The importance of being in sync

This article from Microsoft Watch discusses the importance of Sync. I’m a geat believer in the power and utility of synchronization. Keeping information current across all of your information sources is crucial to being able to RELY on your data. And I believed in it even before I ran Internet Operations for Pumatech/Intellisync. When I had my first Palm Pilot I was at a loss to explain why more people didn’t use these devices to keep their contacts and calendars with them. I was happy that I could synchronize my device with my desktop but, at the same time, I was quite unhappy with the fact that I had to cradle the device to do it.

Enough preaching, the REAL reason I’m writing this is to say that I think Nokia does, at some level, understand the importance of sync because they BOUGHT Intellisync who were the leaders in the entire synchronization market, owning something like 85% of it (I say “were” because I have no idea what their market share is nowadays).

One of our noble but failed efforts at Intellisync was — the great synchronization server in the sky (or the ether or whatever we called it back then). In 2001, we could synchronize your calendar, contacts, notes, tasks and email to your desktop(s), laptop(s), mobile phone(s), PDA(s), all via the Internet, wired or wireless. It was true multi-client, multi-platform synchronization and it was great because the “sync point in the sky” was the place to which everything synchronized. It was automatically maintained — whenever anything that had or could make a connection to the Internet was connected to the Internet, it would sync. There was no question of which source contained the current “master”. The effort failed back then, perhaps because the Internet bubble burst, perhaps because it wasn’t marketed correctly, perhaps because it was a bit buggy (it never got out of beta), perhaps because the world wasn’t ready for the service, but probably for a combination of the reasons listed as well as a few others that I haven’t listed.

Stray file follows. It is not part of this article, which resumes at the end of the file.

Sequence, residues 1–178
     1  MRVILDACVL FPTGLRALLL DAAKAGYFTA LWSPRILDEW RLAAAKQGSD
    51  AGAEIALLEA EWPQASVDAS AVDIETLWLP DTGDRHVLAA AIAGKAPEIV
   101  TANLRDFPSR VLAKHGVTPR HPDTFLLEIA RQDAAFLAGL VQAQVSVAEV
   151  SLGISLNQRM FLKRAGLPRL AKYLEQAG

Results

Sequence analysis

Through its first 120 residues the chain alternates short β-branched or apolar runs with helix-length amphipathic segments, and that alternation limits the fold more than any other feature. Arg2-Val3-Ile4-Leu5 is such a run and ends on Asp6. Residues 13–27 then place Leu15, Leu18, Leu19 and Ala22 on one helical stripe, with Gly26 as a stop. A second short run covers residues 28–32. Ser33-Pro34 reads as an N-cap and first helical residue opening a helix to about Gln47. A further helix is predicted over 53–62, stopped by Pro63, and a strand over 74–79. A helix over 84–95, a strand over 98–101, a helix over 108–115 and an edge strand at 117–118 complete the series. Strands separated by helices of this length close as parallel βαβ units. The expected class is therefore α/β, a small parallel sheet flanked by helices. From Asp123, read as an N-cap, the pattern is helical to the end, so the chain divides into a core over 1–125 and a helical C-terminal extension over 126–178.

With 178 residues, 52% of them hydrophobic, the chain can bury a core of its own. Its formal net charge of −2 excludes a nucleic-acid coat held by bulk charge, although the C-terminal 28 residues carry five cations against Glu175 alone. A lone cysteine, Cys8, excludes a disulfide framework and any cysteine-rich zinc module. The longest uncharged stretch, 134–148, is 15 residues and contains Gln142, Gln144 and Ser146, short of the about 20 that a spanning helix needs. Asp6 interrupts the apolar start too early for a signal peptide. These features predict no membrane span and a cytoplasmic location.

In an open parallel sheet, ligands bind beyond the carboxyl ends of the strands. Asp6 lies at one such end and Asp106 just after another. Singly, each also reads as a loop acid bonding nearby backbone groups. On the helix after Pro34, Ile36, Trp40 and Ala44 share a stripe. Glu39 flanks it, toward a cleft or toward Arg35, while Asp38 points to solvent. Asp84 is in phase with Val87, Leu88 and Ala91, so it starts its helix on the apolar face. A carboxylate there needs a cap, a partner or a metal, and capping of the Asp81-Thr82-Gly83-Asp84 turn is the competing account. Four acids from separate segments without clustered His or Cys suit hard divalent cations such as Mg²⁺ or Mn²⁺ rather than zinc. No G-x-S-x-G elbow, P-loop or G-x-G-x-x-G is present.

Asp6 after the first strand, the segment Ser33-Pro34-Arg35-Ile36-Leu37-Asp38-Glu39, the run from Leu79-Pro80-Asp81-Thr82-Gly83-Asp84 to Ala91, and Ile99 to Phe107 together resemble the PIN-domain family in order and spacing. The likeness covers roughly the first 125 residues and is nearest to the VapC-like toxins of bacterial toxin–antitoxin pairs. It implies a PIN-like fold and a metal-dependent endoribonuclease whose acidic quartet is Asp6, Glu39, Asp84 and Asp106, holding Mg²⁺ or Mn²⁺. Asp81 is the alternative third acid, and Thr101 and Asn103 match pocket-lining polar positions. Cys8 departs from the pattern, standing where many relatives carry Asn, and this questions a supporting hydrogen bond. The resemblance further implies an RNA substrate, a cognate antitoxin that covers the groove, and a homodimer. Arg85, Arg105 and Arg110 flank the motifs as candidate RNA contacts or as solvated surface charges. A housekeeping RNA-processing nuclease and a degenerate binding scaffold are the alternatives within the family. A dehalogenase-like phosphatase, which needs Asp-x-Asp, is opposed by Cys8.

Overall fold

Now, 7 years later, we’re finally getting back to realizing the need for sync. Let’s hope we get it right this time.

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